First, the closure has taken about a million Americans, immediately if not presumably permanently, out of the workforce. Even though history and everyone’s published opinions agree that furloughed government employees will eventually be paid as if they had been on duty as usual, they are currently not getting paychecks, not coming to work, not going to lunch at nearby restaurants, not using as much gas, and not generally consuming as much. It doesn’t take much analysis to realize that restaurants open for lunch in many areas in Washington and some elsewhere have seen their business plummet. As people make longer-term arrangements and modify their lives accordingly, this collateral damage will both intensify and spread as the impasse remains. Few affected businesses will hire much until it is over.
Second, it is bad for markets. The Dow Jones Industrial Average, despite good news such as the calming appointment of Janet Yellen to the Fed chair, dropped 327 points from September 30 to October 9. Yesterday, only small signs of a partial reconciliation caused the average to regain all but 4 of those. Falling stock prices, which will surely resume if no agreement is reached, help nobody, and when they do that, even those in the 1% will perceive they can spend less. Bear markets mean weaker consumer confidence.
Third, the shutdown is terrible for business planning. What can they expect for next year, or even next month? Precisely how much will they be damaged by the absence, not only of federal workers being paid, but of federal services? How would you like to be responsible for predicting the number of next month’s customers at a large hotel near Hot Springs or Carlsbad Caverns? How about at a Washington convention center? Whatever they decide to do, it will probably involve fewer workers.
Fourth, government hiring, of course, will be down to almost nothing for a while. With these jobs, as with many dependent on related business, efficiency will have a chance to creep into later workforce decisions. Once government departments and other organizations’ managers see how they did with too few people, they may use that knowledge to slow down or even stop adding new employees later on.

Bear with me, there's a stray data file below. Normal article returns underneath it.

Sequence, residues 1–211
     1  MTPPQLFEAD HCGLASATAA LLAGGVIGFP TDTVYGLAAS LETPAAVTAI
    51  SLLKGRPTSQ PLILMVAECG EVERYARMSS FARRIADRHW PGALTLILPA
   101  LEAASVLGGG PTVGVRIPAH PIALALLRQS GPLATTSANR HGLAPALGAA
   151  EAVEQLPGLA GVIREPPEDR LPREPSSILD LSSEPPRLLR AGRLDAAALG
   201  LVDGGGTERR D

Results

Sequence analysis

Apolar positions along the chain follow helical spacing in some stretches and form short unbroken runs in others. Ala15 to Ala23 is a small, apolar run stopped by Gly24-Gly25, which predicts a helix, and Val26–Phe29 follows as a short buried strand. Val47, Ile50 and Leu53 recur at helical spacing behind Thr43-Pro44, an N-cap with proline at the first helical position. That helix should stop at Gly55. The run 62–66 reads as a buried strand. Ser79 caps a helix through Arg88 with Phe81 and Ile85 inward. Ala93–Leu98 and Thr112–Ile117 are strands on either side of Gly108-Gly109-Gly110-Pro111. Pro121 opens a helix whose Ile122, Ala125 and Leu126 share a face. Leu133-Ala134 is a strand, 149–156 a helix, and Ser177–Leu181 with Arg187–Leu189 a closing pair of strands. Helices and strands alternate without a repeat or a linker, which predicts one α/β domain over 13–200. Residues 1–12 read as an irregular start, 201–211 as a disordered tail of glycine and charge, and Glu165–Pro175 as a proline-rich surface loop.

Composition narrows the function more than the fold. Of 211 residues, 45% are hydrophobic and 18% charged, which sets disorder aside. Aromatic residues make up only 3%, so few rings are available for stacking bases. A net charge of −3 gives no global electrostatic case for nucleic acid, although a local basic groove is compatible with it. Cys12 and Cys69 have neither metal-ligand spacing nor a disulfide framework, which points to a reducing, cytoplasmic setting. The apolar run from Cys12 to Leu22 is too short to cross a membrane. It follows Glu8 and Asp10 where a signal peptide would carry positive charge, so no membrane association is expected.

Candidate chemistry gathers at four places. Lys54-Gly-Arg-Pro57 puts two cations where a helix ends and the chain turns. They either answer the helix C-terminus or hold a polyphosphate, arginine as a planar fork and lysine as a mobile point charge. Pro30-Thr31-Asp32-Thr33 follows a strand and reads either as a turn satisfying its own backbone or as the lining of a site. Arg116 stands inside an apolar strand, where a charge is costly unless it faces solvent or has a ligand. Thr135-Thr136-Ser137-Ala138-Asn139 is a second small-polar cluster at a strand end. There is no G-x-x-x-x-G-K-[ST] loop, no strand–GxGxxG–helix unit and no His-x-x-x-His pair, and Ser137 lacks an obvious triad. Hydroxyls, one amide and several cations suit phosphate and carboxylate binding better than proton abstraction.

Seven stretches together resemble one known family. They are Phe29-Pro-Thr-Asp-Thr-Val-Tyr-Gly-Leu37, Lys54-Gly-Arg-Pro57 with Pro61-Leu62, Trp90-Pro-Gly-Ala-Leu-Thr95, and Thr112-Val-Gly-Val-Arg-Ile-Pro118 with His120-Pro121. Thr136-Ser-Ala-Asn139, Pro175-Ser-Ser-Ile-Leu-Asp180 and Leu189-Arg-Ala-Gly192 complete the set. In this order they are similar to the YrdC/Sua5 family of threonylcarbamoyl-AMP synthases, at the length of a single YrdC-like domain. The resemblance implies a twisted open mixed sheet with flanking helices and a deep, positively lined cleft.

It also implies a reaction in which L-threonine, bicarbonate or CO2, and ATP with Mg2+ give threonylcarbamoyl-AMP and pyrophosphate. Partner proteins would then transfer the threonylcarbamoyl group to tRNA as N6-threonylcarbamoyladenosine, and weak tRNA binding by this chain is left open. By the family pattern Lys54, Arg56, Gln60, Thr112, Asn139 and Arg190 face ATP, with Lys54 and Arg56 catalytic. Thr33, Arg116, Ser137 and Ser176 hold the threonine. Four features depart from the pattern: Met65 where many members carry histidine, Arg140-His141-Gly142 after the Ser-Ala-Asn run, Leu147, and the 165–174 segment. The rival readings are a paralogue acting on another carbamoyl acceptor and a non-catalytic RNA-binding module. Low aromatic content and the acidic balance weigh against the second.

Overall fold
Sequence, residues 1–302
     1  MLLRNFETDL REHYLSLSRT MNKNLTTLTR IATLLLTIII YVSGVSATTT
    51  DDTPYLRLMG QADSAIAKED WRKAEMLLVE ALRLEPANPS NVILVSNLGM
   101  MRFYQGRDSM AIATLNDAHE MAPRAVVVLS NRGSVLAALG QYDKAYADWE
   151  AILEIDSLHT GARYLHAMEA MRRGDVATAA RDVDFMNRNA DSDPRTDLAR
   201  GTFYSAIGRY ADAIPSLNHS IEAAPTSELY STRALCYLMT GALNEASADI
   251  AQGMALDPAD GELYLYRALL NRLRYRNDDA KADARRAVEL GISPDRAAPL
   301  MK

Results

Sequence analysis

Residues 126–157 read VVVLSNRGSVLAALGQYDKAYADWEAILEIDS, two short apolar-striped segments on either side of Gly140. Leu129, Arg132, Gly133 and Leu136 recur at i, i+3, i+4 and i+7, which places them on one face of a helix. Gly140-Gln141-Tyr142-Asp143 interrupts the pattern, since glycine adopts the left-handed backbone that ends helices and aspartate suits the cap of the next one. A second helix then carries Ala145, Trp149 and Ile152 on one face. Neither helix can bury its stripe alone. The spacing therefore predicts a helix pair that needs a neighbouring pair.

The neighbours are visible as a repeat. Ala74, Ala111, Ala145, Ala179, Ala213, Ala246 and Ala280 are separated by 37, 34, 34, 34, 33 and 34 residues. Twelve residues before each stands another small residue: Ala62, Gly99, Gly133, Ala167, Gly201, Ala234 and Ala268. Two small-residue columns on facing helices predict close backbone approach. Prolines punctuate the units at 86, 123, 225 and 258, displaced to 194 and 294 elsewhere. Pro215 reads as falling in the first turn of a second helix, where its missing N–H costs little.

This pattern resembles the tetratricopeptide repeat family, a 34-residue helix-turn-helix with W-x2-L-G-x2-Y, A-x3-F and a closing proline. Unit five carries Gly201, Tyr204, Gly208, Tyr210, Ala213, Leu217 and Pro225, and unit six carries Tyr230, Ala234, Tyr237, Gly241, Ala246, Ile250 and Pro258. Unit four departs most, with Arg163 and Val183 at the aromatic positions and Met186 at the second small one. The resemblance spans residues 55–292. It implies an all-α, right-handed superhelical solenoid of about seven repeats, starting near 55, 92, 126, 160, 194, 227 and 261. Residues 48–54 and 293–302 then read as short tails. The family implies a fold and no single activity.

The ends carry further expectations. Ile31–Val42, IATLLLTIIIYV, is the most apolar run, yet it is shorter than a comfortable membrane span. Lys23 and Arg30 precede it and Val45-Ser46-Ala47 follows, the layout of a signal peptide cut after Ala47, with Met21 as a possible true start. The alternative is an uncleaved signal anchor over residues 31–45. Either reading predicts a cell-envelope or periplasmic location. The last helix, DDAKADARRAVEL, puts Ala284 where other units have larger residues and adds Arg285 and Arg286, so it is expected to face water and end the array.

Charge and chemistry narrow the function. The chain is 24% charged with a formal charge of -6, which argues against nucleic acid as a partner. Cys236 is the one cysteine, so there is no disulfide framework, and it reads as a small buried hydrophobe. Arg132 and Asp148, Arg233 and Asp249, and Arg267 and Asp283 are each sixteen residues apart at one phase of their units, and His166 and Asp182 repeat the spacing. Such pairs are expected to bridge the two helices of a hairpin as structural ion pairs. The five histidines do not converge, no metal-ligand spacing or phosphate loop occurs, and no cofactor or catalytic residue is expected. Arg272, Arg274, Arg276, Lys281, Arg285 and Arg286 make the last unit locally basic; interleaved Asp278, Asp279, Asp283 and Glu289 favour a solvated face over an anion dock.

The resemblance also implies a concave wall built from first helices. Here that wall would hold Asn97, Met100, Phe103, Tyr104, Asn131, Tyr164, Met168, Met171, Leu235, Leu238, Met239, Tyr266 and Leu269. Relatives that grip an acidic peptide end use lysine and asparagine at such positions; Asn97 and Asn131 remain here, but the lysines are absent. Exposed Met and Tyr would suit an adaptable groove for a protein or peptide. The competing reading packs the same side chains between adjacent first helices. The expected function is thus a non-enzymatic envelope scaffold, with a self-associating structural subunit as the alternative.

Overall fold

We have one large question for the government shutdown, on which we can only speculate. How long will it continue? It may well be settled along with the October 17th deadline for raising the debt ceiling deadline, necessary for Washington to legally pay all of its bills. Yet that date could pass, with partial or no resolution, as the two Congress sides may have in effect taken the reverse gears out of their tanks. If they perceive they absolutely cannot back down, even partially, the shutdown could blow past the 21-day record set in the outage of 1996 and go on even into 2014. Their minds are made up, and they may not be willing to be confused by the facts. An open civil war of sorts within the Republican Party could break out, if the moderate side takes a stand against the others, but if they do not, there may be no reason for the deadlock to be broken.
All in all, even this restricted government shutdown is very bad for the economy. We may think of it as the equivalent of an artificial recession, cutting employment and bringing much prosperity down with it. As for monitoring it, other data sources will fill some of the gap, but the next set of Bureau of Labor Statistics jobs data may not arrive for a long time. But we will know, whether the unknown official unemployment rate is 7.3%, 7.8%, 8.8%, or 12.8%, and whether we live in Washington or across the country, that the nation’s finances are getting worse. And in the meantime, there is still no reason for the jobs crisis to end.